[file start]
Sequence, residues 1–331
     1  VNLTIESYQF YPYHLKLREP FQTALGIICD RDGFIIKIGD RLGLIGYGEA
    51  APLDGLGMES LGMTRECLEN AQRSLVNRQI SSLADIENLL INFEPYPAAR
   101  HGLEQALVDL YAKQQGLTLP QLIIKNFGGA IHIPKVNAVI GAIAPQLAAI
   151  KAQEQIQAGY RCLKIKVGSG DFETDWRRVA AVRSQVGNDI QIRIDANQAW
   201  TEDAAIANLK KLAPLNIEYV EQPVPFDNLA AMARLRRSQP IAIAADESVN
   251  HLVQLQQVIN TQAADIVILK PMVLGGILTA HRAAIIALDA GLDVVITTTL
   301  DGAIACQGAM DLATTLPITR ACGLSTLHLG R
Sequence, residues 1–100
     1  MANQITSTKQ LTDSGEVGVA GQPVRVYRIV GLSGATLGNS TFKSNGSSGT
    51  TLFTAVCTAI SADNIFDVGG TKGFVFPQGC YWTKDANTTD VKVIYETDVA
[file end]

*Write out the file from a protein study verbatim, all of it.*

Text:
Sequence, residues 1–331
     1  VNLTIESYQF YPYHLKLREP FQTALGIICD RDGFIIKIGD RLGLIGYGEA
    51  APLDGLGMES LGMTRECLEN AQRSLVNRQI SSLADIENLL INFEPYPAAR
   101  HGLEQALVDL YAKQQGLTLP QLIIKNFGGA IHIPKVNAVI GAIAPQLAAI
   151  KAQEQIQAGY RCLKIKVGSG DFETDWRRVA AVRSQVGNDI QIRIDANQAW
   201  TEDAAIANLK KLAPLNIEYV EQPVPFDNLA AMARLRRSQP IAIAADESVN
   251  HLVQLQQVIN TQAADIVILK PMVLGGILTA HRAAIIALDA GLDVVITTTL
   301  DGAIACQGAM DLATTLPITR ACGLSTLHLG R
Sequence, residues 1–100
     1  MANQITSTKQ LTDSGEVGVA GQPVRVYRIV GLSGATLGNS TFKSNGSSGT
    51  TLFTAVCTAI SADNIFDVGG TKGFVFPQGC YWTKDANTTD VKVIYETDVA